Understanding maintenance updates and when to apply them
Keeping applications up-to-date with the latest release software versions is one of the essential eight strategies to mitigate cybersecurity incidents endorsed by the Australian Cyber Security Centre. It’s also a wise move for organisations keen to ensure access to the latest features and innovation available in their enterprise systems.
Software vendors usually herald major version releases with much fanfare, but keeping on top of maintenance updates can sometimes be more difficult than it looks on the best-practice checklist. Knowing when a minor release is worth the investment of running up a test environment, coordinating maintenance windows and managing the change with users can be a time-consuming task.
For the majority of Clarita’s clients using IBM solutions, it helps to start by understanding some of the terminology and IBM’s general approach to managing the software development lifecycle. This article is intended to provide general, high-level guidance in support of our monthly reporting for licensing and managed services clients. Be aware though that there is some variation across brands and product families.
Types of Fixes
IBM address issues like customer reported problems, suspected defects and system vulnerabilities in an Interim Fix. Also referred to as Hotfix, IFIX or Limited Availability Interim Fix, you can expect that these types of fixes are:
- Bug fixes only – they rarely if ever contain class structure or database changes that would impact customisations;
- Released regularly on IBM Fix Central; and
- QA tested for the current and previous fixpack level;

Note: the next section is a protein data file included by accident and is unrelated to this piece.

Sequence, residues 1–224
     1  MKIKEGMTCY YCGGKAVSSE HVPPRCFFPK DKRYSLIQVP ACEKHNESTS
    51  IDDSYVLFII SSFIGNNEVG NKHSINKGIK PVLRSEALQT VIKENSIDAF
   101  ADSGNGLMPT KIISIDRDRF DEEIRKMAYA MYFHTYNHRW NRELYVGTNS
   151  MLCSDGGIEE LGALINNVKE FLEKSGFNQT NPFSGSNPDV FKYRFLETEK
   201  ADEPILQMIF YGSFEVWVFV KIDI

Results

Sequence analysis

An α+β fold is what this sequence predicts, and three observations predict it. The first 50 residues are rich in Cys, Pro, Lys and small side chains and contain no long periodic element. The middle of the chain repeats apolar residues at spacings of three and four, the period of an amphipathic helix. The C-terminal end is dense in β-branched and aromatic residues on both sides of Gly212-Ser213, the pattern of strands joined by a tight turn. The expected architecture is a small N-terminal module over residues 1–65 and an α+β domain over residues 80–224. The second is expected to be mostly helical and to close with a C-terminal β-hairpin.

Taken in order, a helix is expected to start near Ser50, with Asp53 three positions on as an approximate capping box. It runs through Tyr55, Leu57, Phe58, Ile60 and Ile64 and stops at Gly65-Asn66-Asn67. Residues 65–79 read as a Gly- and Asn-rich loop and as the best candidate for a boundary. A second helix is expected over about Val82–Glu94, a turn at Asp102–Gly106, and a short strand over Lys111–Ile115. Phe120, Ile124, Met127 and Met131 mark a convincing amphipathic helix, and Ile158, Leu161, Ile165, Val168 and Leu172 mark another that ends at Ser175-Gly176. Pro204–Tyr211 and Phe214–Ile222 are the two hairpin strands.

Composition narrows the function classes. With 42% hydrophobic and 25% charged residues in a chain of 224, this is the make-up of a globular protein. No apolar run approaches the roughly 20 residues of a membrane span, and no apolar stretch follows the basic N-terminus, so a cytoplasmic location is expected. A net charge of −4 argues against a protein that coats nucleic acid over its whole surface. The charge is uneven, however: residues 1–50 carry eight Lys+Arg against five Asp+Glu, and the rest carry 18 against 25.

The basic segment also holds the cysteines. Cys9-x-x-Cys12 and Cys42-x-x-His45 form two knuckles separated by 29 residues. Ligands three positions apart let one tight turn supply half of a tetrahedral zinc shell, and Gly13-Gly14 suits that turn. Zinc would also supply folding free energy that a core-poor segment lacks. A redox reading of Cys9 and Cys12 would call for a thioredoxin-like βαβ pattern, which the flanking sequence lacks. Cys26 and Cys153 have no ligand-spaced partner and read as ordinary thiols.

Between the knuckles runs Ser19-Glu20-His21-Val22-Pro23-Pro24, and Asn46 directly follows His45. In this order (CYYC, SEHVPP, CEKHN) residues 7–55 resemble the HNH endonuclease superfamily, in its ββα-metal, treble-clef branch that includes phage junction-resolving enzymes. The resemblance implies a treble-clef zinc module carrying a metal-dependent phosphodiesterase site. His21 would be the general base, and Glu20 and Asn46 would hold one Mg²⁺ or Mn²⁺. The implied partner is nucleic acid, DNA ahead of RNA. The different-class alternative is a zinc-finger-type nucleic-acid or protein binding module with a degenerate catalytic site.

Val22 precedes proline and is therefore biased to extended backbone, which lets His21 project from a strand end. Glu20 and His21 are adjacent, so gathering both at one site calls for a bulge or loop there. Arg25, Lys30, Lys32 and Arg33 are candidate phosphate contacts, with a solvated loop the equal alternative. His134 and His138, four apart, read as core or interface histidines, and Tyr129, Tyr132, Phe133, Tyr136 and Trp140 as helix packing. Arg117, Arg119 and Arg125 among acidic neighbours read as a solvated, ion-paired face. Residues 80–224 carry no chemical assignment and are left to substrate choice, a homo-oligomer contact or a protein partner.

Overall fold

Individual interim fixes do not change the software version numbering but will roll up into a cumulative software Fix Pack released as a maintenance update.
Types of Updates
All published IBM maintenance updates are identified by a V.R.M.F numbering scheme. For example, the current Maximo release is:
Version and Releases are product updates, going through IBM’s software development management process, while modifications and fix packs are primarily maintenance updates.
Version is a major release and indicates a separate IBM licensed program that usually has a significant amount of new code or new function. Each version has its own license, terms, conditions, product type number, monthly charge, documentation, test allowance (if applicable), and programming support category.
A Release indicates the distribution of a new product or new function fixes for an existing product.
Modification indicates that new functionality has been included in the maintenance deliverable, outside an announced Version/Release delivery.
Interim fixes roll up into Fix Packs after being subjected to more rigorous QA testing. Fix packs are cumulative – that is they contain all previous interim fixes shipped through maintenance since the last release.
Deciding which updates to apply
Clarita generally recommends applying Fix Packs rather than individual Interim Fixes unless your business is directly and significantly affected by the issues addressed.
Because fixes are cumulative, choosing to skip a few updates, or only applying major releases could result in thousands of changes to contend with. Aiming to stay reasonably up-to-date with the latest Fix Pack release helps break testing, training and change management overheads down into smaller, easily managed projects with the added advantage of catching problems sooner rather than later.
Useful Links:Maximo Interim Fixes Blog
IBM Maximo Software Development Life Cycle
IBM Update Strategy for WebSphere Application Server